After dinner, Bassoff tells the group about the Iroquois talking-stick tradition, in which the holder of a ceremonial staff is allowed to make an address. He then presents his own walking stick, which has been customized to ward off bears with a rear-view mirror, bells, a picnic basket and even a siren. At his urging, dinner guests take turns accepting the stick and addressing the gathering. Jennifer Gueddiche and Dorothy O'Donal both describe how they have been inspired, touched and amazed by the young Sudanese men.

After a while, Daniel reaches for the staff.

"Four days ago I fell sick," he says. "For me, it was easy. After going through so many things, it was nothing. Yet people here showed concern. E-mails were sent. Calls were made. That made me to feel happy and excited. The sickness and the suffering did not last long.

"I do not believe how I have come to be here with you different people," he continues. "All of you are dear to me. I would like to meet you again. I would like us to be together again. You are making us forget the past. You are like medicine on our wounds. You are making us to be someone for tomorrow. I do not know how to express my gratitude, so I will just say thank you. Thank you very much."

As Christmas approaches, the apartment in Westminster is shaping up. Daniel and his roommates have added two more lumpy plaid couches, an artificial log in the fireplace, a color TV, a wall print of a Sumo wrestler and a shot glass from Mexico, which they insist is for decorative purposes only.

Daniel's job is going well. He is paying bills, making friends and establishing contacts. He has added a few stilted phrases of slang to his vocabulary, including "Yeah, right." Not long ago, he even received his driver's license, which he cannot wait to use.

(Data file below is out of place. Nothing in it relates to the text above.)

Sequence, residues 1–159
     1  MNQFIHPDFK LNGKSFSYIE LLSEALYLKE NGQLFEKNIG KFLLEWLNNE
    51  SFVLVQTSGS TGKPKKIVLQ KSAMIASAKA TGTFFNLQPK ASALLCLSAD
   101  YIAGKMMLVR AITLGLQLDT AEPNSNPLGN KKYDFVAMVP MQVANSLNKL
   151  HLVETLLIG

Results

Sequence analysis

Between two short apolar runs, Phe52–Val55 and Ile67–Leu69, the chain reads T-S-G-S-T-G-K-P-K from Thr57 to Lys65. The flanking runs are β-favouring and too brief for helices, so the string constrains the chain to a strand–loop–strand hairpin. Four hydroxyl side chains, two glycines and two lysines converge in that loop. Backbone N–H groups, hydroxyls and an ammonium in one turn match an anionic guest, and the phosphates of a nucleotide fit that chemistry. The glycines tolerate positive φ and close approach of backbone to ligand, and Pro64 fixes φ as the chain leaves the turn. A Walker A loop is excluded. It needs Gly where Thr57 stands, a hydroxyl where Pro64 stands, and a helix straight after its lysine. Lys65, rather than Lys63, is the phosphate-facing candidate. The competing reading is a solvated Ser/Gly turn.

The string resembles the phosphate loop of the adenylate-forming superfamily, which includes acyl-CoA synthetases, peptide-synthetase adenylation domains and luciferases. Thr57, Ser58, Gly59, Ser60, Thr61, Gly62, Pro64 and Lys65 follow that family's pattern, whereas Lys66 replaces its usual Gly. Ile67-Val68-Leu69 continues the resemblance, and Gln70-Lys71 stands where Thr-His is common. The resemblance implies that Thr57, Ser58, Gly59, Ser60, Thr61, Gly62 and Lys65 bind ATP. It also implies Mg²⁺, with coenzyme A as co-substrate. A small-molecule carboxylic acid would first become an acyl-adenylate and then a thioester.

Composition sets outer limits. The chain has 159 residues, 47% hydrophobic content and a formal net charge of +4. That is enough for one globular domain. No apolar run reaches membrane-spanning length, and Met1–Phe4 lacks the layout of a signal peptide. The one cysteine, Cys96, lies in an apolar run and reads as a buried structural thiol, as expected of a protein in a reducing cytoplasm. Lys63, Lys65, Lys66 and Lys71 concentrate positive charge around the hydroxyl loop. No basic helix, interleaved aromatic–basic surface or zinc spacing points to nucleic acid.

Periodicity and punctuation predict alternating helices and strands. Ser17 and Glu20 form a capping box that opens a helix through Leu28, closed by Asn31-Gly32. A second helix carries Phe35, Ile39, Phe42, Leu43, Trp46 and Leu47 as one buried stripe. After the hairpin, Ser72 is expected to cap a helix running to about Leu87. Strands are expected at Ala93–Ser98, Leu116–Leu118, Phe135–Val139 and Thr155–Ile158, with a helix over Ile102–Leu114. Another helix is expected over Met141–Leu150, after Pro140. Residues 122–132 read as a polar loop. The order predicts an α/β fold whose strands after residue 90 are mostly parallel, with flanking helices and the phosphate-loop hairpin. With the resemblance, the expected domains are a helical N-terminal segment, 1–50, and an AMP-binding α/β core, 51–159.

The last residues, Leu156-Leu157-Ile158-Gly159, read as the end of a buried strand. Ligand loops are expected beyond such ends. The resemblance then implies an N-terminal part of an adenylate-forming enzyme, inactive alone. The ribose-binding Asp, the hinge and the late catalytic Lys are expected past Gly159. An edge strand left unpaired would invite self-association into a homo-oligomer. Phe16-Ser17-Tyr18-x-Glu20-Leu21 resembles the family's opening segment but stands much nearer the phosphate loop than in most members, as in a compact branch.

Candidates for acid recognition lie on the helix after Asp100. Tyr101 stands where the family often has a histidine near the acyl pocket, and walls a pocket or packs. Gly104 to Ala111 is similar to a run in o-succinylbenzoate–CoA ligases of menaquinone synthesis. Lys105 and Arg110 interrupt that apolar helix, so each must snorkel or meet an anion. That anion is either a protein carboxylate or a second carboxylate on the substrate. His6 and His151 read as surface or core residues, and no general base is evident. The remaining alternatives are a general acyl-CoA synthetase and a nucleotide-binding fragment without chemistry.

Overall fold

"The traffic here, it is wonderful," he says. "There are so many curves that you don't know where to enter. Each one takes a different path. If you are not careful, you could go to Arizona!"

Money is still tight, and he has been able to buy himself only a new belt. But on the whole, he and the Lost Boys are moving forward. Professor Bassoff plans to meet with CU admissions officials to see if Simon can qualify for in-state tuition, possibly a college scholarship. Simon is even studying for the SATs and is considering auditing a college course in spring. Isaac, encouraged by his Internet discovery, plans to resume the search for his family. One of Daniel's friends, Peter Deng, has already moved to Boulder and bought a Maxima and a laptop computer. Even David Kuer John has found a job.

But success has been bittersweet. When Simon imagines thinks of people starving in southern Sudan, he cannot enjoy his own meals. And when he pictures the wounded and diseased refugees suffering without medicine or proper care, his own body aches.

"Crossing the Atlantic cannot separate me emotionally from southern Sudan," he says. "To come and stay in America alone when you have a family of seven or eight is a traumatic thing. You cannot sleep. Some of my family may be there still. One day I will go to southern Sudan, whether it is peaceful or not peaceful. One day I will do it."

Daniel is also haunted. When he is cooking, he stares into the blue flames of the gas stove and imagines the march toward Kenya, when the barren landscape offered not even a stick of firewood. So he and his companions used what was available: the sun-bleached rib bones of fallen travelers.

"That fire, it burned the same blue as the stove," he says. "Even now that I am here, so far from that place, it is with me. It is still here."

Unlike Simon, Daniel is not certain when he will return to Sudan. If the opportunity arises, he would like to find his family; he visited the Red Cross office downtown and asked if he could somehow send a letter back to Sudan, but they told him they did not handle such things. And if he is able to complete a Ph.D., he would like to teach at an institute in his homeland. But for now, while the war continues, the best way he can help his people is to make sure that he and the other Lost Boys are successful in Denver. The best way to stop the suffering at home is to raise awareness in the United States.

Much work remains to be done. The journey is not over, and many difficult obstacles remain. Yet, after enduring so much for so long, he and his friends are comfortable now. They have steady jobs. They have textbooks to read. They have a future to imagine. And some of them, Daniel included, no longer have persistent nightmares. For the moment, that is enough.

"I have no real home," Daniel says. "I know this. So where I am peaceful, that is my home. In Denver, I am peaceful."